Stock car races, baseball games and family picnics get rained out. Deer hunts are not supposed to be on that list.
Hunting is a foul weather sport by nature. You step outdoors in fall and winter and you tangle with the elements as much as with the wits of the wild game. But this year there was more foul in the weather than many of Ohio's deer hunters had ever encountered before.
Ohio's gun season for white-tailed deer began recently, and it opened in the middle of a deluge. In many places around the state it poured from start to finish on opening day. That is customarily the day when the most hunters are in the fields and woods around the state, and when they enjoy the most success.
The initial count for one very soggy Monday opener showed Ohio hunters had brought back about 23,600 whitetails, which was down nearly 40 percent from last season when the weather was in a much more cooperative mood.
Hunting in the rain was not the issue. It was the intensity of the rain that made it nearly impossible to hear or see much in some parts of the state, while most of Ohio had a bigger issue with the volume of rain.
The system dumped two or three inches of rain in some sections of the state, within about a 48-hour window. All of that precipitation landed on already saturated ground in many areas, so flooding was a major issue.
Many individual accounts from deer hunters revealed their high level of frustration. Guys who had scouted prime deer habitat for months, meticulously mapped the areas, and put together a solid plan of attack for opening day saw nothing but water at first light.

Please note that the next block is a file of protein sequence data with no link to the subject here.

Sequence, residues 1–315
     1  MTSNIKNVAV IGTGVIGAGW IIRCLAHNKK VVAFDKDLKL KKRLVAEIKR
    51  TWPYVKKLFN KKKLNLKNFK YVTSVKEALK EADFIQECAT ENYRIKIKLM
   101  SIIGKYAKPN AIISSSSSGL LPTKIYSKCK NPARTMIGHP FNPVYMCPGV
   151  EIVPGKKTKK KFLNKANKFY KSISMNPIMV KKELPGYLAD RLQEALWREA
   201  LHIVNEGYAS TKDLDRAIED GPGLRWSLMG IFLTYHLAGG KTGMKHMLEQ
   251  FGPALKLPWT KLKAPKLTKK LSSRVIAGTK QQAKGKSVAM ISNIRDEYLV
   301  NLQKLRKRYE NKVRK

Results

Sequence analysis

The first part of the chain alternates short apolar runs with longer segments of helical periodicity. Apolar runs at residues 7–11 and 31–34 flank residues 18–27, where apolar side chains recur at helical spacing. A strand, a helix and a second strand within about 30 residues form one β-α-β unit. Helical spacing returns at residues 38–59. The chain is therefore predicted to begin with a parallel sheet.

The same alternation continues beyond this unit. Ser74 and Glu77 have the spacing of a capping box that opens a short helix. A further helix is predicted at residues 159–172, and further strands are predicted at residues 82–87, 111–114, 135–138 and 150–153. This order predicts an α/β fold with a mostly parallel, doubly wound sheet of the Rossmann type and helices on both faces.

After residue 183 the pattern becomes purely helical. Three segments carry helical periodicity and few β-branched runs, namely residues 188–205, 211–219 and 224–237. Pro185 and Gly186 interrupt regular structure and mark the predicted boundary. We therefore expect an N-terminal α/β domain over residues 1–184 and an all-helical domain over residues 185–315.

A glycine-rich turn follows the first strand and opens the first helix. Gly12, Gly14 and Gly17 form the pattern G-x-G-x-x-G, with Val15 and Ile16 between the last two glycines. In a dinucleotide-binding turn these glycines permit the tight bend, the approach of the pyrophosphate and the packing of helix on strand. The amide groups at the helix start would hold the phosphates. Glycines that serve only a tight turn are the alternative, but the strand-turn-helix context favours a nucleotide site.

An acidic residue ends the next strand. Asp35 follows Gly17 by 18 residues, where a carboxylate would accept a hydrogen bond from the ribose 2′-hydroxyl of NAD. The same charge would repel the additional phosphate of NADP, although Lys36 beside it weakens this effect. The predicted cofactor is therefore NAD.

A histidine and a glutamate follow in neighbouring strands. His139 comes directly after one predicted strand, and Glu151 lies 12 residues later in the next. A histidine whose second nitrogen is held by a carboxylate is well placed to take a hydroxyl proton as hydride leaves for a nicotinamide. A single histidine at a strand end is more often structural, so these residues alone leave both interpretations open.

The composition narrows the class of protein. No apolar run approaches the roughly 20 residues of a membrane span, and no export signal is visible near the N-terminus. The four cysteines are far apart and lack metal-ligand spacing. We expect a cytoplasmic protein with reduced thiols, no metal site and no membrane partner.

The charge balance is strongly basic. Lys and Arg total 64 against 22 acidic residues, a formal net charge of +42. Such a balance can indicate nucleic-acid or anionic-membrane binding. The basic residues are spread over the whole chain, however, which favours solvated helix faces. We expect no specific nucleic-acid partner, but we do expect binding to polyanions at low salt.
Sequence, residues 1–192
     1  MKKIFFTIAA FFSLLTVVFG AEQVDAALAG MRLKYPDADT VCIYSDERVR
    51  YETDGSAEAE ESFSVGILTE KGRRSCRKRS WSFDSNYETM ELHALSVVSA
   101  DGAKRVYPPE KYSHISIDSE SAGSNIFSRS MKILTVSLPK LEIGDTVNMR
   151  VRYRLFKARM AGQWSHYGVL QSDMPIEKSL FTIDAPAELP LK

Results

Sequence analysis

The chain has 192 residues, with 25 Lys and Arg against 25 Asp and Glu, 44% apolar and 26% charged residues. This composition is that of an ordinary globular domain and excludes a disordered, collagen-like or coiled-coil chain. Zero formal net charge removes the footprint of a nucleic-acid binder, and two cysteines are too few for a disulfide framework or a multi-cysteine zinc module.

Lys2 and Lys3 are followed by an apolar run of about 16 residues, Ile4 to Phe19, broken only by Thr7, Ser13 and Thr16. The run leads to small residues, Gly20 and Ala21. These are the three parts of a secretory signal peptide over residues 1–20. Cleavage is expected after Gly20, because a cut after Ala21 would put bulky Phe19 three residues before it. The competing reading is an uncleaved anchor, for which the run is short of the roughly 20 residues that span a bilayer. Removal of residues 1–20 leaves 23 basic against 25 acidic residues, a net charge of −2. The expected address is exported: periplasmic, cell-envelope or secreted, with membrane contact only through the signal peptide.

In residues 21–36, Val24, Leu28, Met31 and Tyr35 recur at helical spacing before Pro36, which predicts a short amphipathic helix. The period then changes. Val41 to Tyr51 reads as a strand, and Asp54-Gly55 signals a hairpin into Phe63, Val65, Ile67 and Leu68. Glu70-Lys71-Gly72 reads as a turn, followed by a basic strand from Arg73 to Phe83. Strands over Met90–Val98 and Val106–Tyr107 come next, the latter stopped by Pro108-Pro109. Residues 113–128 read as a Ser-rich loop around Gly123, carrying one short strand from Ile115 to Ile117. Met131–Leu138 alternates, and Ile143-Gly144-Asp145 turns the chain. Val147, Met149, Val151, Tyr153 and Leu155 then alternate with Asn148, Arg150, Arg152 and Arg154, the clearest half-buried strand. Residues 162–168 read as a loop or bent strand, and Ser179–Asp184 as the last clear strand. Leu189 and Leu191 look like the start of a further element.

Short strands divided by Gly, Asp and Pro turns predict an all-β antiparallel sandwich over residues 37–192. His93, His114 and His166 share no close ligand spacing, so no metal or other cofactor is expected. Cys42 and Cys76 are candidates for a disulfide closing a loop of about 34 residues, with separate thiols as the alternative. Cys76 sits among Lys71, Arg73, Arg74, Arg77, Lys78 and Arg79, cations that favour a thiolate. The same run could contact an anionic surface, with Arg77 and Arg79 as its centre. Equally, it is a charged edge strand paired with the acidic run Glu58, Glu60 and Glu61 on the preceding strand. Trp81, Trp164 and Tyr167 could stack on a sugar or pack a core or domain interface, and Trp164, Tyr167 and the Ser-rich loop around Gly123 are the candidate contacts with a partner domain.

Large tracts of woods where deer have been found in significant numbers were inundated. They looked more like the Okefenokee Swamp that straddles the Georgia-Florida border. Meadows that held so much promise a month ago were now rice paddies with shin-deep water.
An informal survey revealed that not many hunters stayed home, despite the lousiest of conditions. They just had to alter their plans on the fly, hunt areas they were not familiar with, and therefore just roll the dice and hope to have an opportunity. But very few successful deer hunts have been based on hope.
Some hunters resorted to cross-dressing, outdoors-style. They slipped off their boots, pulled out the fishing waders, and made an effort to keep dry while traversing the brushy flood plains of area rivers.
Others searched for any high ground, which in this part of the state is hard to come by. Many reported encountering streams and ditches that they could normally step across, but were now these raging torrents of coffee-colored froth.
By noon, some deer hunters just gave up. Despite the prevailing theory that all that water would push the whitetails into a much smaller area, and theoretically increase the odds for success, the opposite scenario played out. Fewer deer were seen by most hunters.
The committed hunters pressed on. The rain eventually stopped, but the water was very slow to recede. Some hunters came back the second day better prepared for the unusual circumstances.
Conditions normally improve as winter moves in, and Ohio's creative deer permit program will offer additional opportunities for deer gun hunters, while the growing legion of archery hunters enjoy more than three months of hunting time.
The 2011 deer gun season will be one for the record books not for the number of deer taken or for any unusual amount of trophies. It will be one where the rain gauge was the primary factor impacting hunting success rates. Ohio's deer hunters learned that you can have the best plan around, but sometimes you just get rained out.
Matt Markey is the A-T outdoors columnist.
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